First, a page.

Joani Donovan, of Holland, says cosmetic tattooing saves her time in the mornings.
The Blade/Andy Morrison
Makeup trends come and go.
Over the years we have seen everything from cat eyes to turquoise eye shadow and animal print lip covers. These trends may be fun to indulge in once in a while, but most women know that when you find a classic look that works for you, you stick with it.
And some women are so stuck on their made-up look that they're sticking with it permanently.
Cosmetic tattooing -- inked-on brows, eye and lip liner -- is one of the latest beauty trends women are indulging in. They call it effortless beauty -- the ability to wake up pretty with little effort and in a short time.
"You get up, you shower, and you go," said Joani Donovan of Toledo, who recently had permanent eyeliner applied. "I'm not spending extra time in the morning putting on makeup. I'm beating my husband getting dressed."
There's much debate among technicians on whether the procedure is in fact a tattoo or not. Some call it "permanent cosmetics" or "micro-pigmentation." But clients say that if going under the needle means not having to fiddle with makeup every day, several times a day, they'd prefer to call it "worth it."
"'We're tired of putting on makeup every day.' That's what my clients tell me," said Angie Mougey, owner of Transitionz Salon & Spa in Bellevue, Ohio, and a licensed cosmetologist. "Once you get older, you don't see as well, your skin is looser, and it becomes more difficult to apply makeup. It becomes harder to get your brows on straight every time."
Achieving the long-lasting look sounds more painful than it actually is, clients say, even though it involves taking a needle to the face. As in traditional tattooing, permanent cosmetic technicians, who are usually trained cosmetologists or aestheticians, use an electric needle and colored pigments or inks to apply the makeup. The use of topical numbing cream reduces the pain and constricts blood vessels, so there is little to no bleeding and less trauma to the skin compared with a traditional tattoo.
"I went to sleep for part of the procedure because I didn't feel a thing," said Mrs. Donovan.
To create brows, they trace the desired shape and fill in the space with hair-like strokes, creating a natural look. Eyeliner application involves using the needle to place color pigments along the base of the eyelashes, creating a fuller and darker look. Depending on the desired look, lips can be made to appear thicker and fuller or more colorful.
Most looks take just over an hour and last for several years. Colors will fade or soften over time, so touch-ups, to refresh the look, are recommended as needed.
Permanent makeup application is believed to have started in ancient Egypt, where permanent eyeliner was supposedly common among men and women. While the trend isn't necessarily new, it has re-emerged in recent years.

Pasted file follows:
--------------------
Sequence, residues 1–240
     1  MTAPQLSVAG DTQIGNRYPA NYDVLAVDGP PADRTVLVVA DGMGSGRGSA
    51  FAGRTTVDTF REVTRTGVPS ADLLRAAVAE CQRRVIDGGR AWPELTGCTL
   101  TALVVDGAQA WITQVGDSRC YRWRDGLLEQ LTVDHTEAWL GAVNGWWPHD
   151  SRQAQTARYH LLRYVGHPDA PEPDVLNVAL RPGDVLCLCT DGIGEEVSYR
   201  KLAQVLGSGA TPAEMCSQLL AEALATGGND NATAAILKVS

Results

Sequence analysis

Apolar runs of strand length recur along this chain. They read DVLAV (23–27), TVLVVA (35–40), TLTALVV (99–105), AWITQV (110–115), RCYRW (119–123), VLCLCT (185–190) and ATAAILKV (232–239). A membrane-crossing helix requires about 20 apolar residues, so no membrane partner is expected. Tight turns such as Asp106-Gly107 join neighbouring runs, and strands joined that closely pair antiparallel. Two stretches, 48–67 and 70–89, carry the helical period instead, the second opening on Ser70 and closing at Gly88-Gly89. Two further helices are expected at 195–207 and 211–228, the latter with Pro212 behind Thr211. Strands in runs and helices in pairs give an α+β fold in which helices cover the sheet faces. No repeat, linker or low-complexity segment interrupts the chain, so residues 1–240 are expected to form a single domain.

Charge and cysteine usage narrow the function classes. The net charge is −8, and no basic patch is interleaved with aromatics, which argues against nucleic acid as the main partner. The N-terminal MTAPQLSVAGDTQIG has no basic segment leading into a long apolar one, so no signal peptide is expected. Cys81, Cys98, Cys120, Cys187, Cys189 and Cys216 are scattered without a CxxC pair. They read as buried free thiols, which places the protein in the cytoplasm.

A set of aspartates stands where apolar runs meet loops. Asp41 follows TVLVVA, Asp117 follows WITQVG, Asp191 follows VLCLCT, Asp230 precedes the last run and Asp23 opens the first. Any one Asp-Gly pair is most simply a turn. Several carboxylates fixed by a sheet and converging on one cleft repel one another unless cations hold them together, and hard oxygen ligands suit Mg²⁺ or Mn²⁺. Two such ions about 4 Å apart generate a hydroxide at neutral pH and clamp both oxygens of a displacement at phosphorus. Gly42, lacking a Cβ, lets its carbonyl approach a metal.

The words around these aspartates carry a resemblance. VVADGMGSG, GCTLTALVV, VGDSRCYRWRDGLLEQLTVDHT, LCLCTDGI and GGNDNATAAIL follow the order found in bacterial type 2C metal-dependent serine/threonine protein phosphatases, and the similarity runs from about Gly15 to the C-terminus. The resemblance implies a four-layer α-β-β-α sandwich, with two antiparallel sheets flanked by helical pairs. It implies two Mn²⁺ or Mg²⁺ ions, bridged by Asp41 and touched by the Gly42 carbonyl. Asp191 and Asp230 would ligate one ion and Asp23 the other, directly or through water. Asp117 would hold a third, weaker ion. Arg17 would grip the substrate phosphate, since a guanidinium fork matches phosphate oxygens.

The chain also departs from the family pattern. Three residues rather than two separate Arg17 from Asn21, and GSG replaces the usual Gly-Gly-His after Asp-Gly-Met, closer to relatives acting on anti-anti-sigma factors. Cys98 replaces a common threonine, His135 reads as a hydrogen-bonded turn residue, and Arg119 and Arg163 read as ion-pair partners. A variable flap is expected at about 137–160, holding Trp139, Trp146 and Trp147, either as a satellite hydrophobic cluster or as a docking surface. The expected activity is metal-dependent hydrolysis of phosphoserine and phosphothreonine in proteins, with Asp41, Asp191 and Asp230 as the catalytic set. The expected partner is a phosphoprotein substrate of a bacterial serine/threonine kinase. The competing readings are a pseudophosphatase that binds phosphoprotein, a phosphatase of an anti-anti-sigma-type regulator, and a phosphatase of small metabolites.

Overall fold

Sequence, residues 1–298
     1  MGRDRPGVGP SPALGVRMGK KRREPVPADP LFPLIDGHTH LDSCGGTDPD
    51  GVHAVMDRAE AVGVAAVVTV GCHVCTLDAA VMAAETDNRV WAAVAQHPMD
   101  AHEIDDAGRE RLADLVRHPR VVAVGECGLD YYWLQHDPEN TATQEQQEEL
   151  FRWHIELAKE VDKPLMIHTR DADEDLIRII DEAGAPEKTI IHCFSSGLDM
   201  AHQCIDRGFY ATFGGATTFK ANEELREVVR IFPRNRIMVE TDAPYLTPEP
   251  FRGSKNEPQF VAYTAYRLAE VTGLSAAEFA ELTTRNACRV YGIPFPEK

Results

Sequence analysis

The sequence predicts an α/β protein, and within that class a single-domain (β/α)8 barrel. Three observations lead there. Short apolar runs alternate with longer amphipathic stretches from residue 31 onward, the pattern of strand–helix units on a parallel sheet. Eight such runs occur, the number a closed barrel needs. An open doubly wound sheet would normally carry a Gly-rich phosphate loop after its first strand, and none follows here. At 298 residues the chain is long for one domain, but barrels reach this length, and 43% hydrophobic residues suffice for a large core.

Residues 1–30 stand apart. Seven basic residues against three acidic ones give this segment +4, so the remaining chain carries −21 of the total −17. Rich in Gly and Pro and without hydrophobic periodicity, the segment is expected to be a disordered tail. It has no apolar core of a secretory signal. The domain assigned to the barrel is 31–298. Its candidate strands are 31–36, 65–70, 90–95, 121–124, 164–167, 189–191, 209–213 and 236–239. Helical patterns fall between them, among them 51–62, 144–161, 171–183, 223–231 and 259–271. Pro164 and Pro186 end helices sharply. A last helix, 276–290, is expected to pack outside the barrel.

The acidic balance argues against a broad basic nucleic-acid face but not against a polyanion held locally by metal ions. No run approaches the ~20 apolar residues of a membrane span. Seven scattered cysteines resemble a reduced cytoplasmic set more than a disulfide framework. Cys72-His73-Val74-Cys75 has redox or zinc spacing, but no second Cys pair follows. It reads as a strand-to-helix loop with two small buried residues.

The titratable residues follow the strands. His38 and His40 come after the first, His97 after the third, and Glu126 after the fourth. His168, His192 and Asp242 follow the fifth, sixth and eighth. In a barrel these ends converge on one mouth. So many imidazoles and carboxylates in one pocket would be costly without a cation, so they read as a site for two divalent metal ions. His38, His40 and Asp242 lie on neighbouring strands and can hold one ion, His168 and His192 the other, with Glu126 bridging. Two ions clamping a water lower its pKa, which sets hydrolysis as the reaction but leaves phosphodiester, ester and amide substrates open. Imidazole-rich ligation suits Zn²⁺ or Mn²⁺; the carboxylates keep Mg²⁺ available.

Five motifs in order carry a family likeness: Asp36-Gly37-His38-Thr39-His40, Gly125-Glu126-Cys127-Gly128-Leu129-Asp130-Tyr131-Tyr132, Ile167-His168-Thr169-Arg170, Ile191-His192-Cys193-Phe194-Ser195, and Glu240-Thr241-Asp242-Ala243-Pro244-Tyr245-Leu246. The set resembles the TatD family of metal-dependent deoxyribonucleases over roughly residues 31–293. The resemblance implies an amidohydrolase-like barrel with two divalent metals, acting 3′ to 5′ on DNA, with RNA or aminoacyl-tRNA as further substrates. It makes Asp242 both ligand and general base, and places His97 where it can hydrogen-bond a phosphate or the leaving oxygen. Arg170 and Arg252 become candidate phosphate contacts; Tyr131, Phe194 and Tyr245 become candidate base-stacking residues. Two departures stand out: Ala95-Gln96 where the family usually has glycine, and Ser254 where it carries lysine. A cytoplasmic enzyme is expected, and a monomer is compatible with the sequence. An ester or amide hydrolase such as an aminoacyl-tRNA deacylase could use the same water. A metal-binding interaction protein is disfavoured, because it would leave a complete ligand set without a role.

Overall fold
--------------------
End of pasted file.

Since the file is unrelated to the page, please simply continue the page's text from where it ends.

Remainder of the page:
In the four-and-a-half years she's been doing cosmetic tattooing, Mrs. Davis has performed more than 700 procedures. Angie Scott, also a medical aesthetician and owner of Faces in Lambertville, sees at least one client a day for permanent makeup.
"It's pretty popular," Mrs. Scott said. "As people become more comfortable with the procedure, it's become more popular."
Being pretty isn't cheap. At some Toledo-area centers, the cost of permanent eyebrows ranges from $450 to $650. Full lips can cost more than $750, and eyeliner, the most popular permanent makeup procedure, can cost $475 and up.
In the Toledo area, it's mainly professional women over 40 years-old opting for the long-lasting look.
"The older women are more comfortable with what their look is," said Karen Davis, a medical aesthetician at Bella Via Skin and Body Therapies in Toledo. "Most are professional women and retired women who can afford it at this point in their life."
Lori Coyle, 57 of Sylvania, was skeptical about the technique, at first. But after realizing she needed her glasses to apply eyeliner, she gave in.
"I was having smudges all around my eyes," said Mrs. Coyle, who had eye and lip liner applied, "I'm a professional. I wanted the look, but not the messy look I was accomplishing."
For many, the "wake up to makeup" trend is solely for convenience. But some clients resort to having micropigmentation only after enduring trauma.
"You give me a lady that's lost her brows, as far as she's concerned, that is trauma," joked Gary Rochte, a licensed derma technologist who started doing permanent makeup in 1988. Mr. Lochte, owner of the Derma Therapy Center in Point Place, has worked with patients, both men and women, who have lost their brows during cancer treatment or to alopecia and other conditions. He's also worked with burn and accident victims, to hide scars or skin damage. The procedure is not only beautifying, it's also a confidence booster, Mr. Lochte said.
"A lot of times they're healed physically, but because of the [scars or disfigurement] they're not healed mentally," Mr. Lochte said. "This helps with their self-esteem."
Contact RoNeisha Mullen at: firstname.lastname@example.org or 419-724-6133.